Mixed Messages and Mixed Research: Mystery Shops, Customer Surveys and Social Media

May 31, 2012 by Confero Inc.

On the spot restaurant reviews, customer service remarks, and feedback on wait times. Whatever customers talk about online, managers immediately learn about customer feelings when they monitor social media.  While these instantaneous comments are an important part of understanding customer opinions, the feedback is very different from customer experience services such as mystery shops and customer satisfaction surveys.  

Casual online comments travel fast, and make a substantial impact on potential customer buying decisions as well as employee morale.  Onsite and telephone mystery shopping results help companies reward employees for positive sales behaviors and fine tune training efforts.  Customer opinions through web or mobile surveys provide honest input about employees and services.  With these differences in mind, and the added complexity of random online comments, many companies wonder how all three types of research fit together. 

It’s easy to see how data from mystery shops and customer satisfaction surveyscombine to help answer the question of how company standards (as measured by mystery shops) compare to actual customer satisfaction data (as gained from mobile, IVR or web surveys). For a refresher see our post, “Head to Head: Customer Satisfaction Surveys vs. Mystery Shops”.

Example: Customer survey uncovers an area of dissatisfaction.

Solution:  Senior management identifies the operational processes that should be in place so the dissatisfaction does not recur. Mystery shoppers are deployed to observe and report on employee performance in the area of concern. Managers communicate mystery shop results to encourage and reward improvement. From there, managers may monitor future survey responses to learn if customers mention the issue again or recalibrate operational requirements to meet customer needs.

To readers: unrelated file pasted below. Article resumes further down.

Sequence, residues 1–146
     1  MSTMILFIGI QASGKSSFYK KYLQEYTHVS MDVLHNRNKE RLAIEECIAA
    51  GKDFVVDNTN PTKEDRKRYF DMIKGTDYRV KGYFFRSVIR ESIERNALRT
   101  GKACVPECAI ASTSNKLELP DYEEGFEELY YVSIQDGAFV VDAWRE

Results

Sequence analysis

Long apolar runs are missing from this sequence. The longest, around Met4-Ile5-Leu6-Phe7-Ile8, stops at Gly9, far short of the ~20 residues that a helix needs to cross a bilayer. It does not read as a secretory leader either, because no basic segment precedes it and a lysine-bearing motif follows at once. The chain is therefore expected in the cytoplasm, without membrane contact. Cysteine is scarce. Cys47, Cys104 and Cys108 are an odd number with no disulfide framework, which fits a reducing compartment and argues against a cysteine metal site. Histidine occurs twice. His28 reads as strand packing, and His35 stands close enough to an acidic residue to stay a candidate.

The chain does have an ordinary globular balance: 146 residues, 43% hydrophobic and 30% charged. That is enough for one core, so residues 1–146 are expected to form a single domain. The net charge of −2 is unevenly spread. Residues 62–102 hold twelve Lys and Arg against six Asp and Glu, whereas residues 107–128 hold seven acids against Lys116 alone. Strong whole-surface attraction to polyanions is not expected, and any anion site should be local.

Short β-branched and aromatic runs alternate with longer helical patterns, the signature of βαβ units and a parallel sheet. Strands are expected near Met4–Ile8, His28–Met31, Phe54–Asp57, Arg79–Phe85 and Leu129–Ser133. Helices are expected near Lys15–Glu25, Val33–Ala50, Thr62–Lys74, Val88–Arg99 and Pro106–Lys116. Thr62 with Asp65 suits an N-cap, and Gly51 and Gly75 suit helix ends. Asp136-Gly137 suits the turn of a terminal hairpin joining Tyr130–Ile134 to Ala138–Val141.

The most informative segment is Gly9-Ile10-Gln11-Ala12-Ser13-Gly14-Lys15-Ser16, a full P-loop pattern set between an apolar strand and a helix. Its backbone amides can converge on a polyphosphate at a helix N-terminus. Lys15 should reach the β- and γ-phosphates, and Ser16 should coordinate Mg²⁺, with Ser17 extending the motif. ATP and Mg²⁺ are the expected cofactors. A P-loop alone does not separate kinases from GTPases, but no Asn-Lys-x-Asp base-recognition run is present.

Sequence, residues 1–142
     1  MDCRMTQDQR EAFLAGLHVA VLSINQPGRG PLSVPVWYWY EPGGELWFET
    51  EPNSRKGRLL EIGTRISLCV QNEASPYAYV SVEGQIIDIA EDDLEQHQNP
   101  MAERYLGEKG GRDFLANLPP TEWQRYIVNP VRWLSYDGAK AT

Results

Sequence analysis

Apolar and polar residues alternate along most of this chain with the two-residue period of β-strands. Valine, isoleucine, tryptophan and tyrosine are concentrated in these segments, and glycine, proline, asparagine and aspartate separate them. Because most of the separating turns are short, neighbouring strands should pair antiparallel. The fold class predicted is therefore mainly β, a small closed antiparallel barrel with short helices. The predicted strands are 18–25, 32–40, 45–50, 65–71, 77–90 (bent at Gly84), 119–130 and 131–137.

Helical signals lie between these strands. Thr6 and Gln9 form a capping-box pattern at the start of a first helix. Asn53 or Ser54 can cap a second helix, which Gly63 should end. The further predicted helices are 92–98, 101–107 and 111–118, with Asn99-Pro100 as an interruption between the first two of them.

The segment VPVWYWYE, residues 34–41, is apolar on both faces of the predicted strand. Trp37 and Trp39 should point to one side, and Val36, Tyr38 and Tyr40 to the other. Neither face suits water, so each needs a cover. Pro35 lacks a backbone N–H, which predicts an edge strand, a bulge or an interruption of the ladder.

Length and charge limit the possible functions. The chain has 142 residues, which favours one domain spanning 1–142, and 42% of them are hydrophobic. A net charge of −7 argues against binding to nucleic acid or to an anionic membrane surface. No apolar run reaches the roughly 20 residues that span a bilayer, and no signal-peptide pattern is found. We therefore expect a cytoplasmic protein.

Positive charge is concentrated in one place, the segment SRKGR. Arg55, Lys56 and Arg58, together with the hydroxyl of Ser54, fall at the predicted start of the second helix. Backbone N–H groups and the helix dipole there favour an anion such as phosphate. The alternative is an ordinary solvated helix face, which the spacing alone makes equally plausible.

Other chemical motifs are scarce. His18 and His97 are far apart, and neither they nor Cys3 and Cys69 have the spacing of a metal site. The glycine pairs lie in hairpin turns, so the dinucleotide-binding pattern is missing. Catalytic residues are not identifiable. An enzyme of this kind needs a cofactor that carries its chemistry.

The connection between satisfaction surveys and mystery shops is clear; however the one among surveys, shops and social medial feedback is less obvious.  It can be tough to determine where to place the majority of monitoring and management efforts, now that social media has opened the field for more frequent and off the cuff customer comments.  At times, it can seem like a shell game, trying to find where the true answers are.

We’ve found this chart helpful in comparing the three:

Mystery Shopping

Customer Satisfaction

Social Media

What/How are we Doing?

What Should We Be Doing?

What are Customers Saying?

Reported facts

Solicited Recall and feelings

Shared recall and feelings

During interaction

After interaction

Before, During or After Interaction

Observed behaviors

Recalled behaviors

Impressions over time

Measure performance using own metrics

Measure performance using customer’s metrics

Squeaky wheel, greatest fan

Use to plan, train, reward

Use to plan

Use to filter plans

Specific facts

Directed perceptions

Specific or general opinions

Guides process execution

Guides process formation

Guides process definition

 

To achieve a balance among the three, you need enough monitoring of each. While retailers often include a combination of mystery shops and surveys in their customer experience measurement strategies, they sometimes miss on managing “digital connection” advertising and monitoring online feedback.  In a recent study, surprisingly, retail stores emphasized their website at physical stores more often than QR codes or social networking sites such as Facebook.  And many of the stores that advertised a Facebook logo did so without directly telling customers how they benefit from becoming a fan.  Taking a more active approach in meshing experiences across channels, and telling customers what they gain by interacting with the company through different means, can help retail companies make the most of feedback.